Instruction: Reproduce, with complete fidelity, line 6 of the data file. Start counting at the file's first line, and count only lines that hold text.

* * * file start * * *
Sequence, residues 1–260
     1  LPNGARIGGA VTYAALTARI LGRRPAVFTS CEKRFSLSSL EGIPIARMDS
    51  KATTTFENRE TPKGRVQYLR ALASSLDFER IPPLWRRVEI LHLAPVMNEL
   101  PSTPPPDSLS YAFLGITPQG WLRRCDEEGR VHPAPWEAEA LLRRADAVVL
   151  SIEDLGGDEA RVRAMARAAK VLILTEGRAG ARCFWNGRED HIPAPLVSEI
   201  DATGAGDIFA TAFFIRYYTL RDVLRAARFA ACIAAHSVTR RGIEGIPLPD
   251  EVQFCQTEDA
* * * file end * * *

   201  DATGAGDIFA TAFFIRYYTL RDVLRAARFA ACIAAHSVTR RGIEGIPLPD